Style guide for Australiana magazine

Australiana is published quarterly in February, May, August and November. Please contact the editor to discuss your proposed submission or send a brief outline or draft. You can submit articles at any time, but if you want it in a specific issue then contact the editor to check space availability and deadline.

Submissions should be topical, original and well-illustrated. We prefer articles from 500 to 2,500 words, although we consider longer articles. Material taken from another source must be referenced, with direct quotes in quotation marks. The editor may consult other authorities and referees.

Typically, you need to submit three things, preferably all in digital format:

  1. Text, with a short author biography, acknowledgements and notes
  2. Images of good quality, hi-res, copyright-cleared for publication and numbered consecutively (1,2,3 ...). It is essential they are numbered consecutively so we can match them up with the digital image files, text and captions.
  3. Captions numbered consecutively to match the images.

We cannot change it once it is in print so the editor will help you improve your contribution. Where required, articles may be peer-reviewed, when we seek the advice of other experts in the field. We can be flexible in interpreting the "rules" below, but we try to be consistent.

  1. We prefer text in digital format.  Save text and captions in Microsoft Word on disc, memory stick or email to

  2. Formatting: keep formatting simple. The editor will edit and re-format your article. Our designer will lay out your article, so you do not need to design it yourself. You may send a document with embedded images for use as a guide to image placement if you wish, but embedded images are rarely suitable for reproduction.

  3. Writing style: use active rather than passive voice, simple rather than complex words, descriptive rather than vague adjectives, and avoid meaningless expressions and circumlocutions (eg avoid "general public", "it is generally believed" and  "it is interesting to note that"). Please don't use words that make us run to the dictionary every few lines, but if they are technical terms, explain them. Use contemporary English, never archaic words and construction (except in quotes).

  4. Print-outs: are necessary only if you cannot send digital text in Word. We can scan a high quality printout. Number the pages and keep a copy.

  5. Spaces: use single not double spaces between sentences. MS Word compensates for sentence breaks.

  6. Italics: italicise titles of works of art, ship's names, book titles, periodical titles and technical terms in a foreign language. You may also use italics for emphasis.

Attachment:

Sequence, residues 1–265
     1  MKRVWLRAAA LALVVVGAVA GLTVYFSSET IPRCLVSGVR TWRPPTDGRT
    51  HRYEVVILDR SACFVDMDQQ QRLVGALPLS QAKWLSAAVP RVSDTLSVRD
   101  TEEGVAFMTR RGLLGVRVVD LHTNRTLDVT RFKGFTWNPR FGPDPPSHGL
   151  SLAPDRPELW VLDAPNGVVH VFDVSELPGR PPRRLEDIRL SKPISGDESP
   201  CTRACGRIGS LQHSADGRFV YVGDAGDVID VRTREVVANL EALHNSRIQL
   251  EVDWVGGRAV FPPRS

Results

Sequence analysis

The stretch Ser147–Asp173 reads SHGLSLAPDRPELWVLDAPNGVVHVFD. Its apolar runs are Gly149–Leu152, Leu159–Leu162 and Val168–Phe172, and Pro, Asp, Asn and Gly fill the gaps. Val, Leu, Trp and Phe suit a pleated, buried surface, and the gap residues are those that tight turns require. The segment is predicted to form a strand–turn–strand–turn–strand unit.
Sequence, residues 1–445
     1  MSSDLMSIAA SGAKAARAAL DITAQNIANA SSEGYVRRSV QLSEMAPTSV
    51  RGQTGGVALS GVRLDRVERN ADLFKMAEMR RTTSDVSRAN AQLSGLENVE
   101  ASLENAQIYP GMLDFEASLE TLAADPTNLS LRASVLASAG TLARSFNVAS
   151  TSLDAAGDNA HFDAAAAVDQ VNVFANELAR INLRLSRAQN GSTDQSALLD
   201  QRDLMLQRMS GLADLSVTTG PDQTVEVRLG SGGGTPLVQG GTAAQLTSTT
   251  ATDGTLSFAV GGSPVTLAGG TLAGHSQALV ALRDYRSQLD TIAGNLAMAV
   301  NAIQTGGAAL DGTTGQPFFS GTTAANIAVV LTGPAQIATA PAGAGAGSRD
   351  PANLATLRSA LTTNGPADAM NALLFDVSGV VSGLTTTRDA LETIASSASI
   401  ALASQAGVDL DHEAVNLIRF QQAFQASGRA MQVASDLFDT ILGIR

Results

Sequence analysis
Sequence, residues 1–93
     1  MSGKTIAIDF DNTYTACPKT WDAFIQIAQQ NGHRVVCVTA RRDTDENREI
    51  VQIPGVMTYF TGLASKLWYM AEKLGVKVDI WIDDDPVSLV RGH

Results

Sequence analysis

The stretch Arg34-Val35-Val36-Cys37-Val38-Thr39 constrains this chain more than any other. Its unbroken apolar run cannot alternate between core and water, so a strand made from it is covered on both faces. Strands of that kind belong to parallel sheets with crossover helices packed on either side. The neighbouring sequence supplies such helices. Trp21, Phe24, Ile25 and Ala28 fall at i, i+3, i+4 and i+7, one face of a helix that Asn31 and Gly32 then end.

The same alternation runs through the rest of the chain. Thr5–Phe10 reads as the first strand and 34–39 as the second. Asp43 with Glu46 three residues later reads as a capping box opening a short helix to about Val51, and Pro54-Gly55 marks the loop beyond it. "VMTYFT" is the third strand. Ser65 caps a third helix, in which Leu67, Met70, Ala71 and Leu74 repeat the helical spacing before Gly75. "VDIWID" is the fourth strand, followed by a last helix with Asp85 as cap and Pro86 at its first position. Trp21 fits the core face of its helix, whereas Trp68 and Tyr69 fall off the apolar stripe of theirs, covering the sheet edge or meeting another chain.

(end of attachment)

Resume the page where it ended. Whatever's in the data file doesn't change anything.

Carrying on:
7. Quotations: use double quotation marks for direct quotes, and for quotations within them use single single quotation marks. All quotations should be acknowledged in the notes. 

  8. Dates: use the form "day month year" e.g. 4 July 1776. In notes, shorten months (Jan, Feb, etc). Spell the name of the century in full at the start of a sentence, e.g. Nineteenth century, elsewhere use a numeral, e.g. 19th century. In an adjectival context insert a hyphen, e.g. "19th-century potters".

  9. Ellipses: show an ellipsis by three dots e.g. "Verge's… splendid architraves".

  10. Notes: use "endnotes" in Word to give sources or to add peripheral but relevant information. Number endnotes consecutively 1,2,3... and place at the end of the text; please use automatic endnote numbering so numbers adjust when we add or delete notes. Superscript note numbers in the text should follow punctuation. Avoid too many and long footnotes, and don't use them just to look pseudo-academic. We check random references for accuracy so please copy quotes precisely and give the full reference, with page number.

  11. References: use these formats:
    Books: John Hawkins, Nineteenth-century Australian Silver, Antique Collectors’ Club, Woodbridge, Suffolk, 1990, vol 1 p 234.
    Articles: Dorothy Erickson, "Mattie Furphy -dainty but determined", Australiana, vol 38 no 1 Feb 2016 pp 9-13.
    Manuscripts: Give the title of the manuscript, name of the institution and reference number, e. g. Philip Gidley King, "Letter Book 1797-1806", Mitchell Library A2015.
    Subsequent references
    : use appropriate Latin abbreviations op cit, ibid, etc.

  12. Numbers: write numbers up to ten in full, and for higher numbers use Arabic numerals, e.g. "from seven to 16 books", except when starting a sentence. Use a comma to separate 1,000s.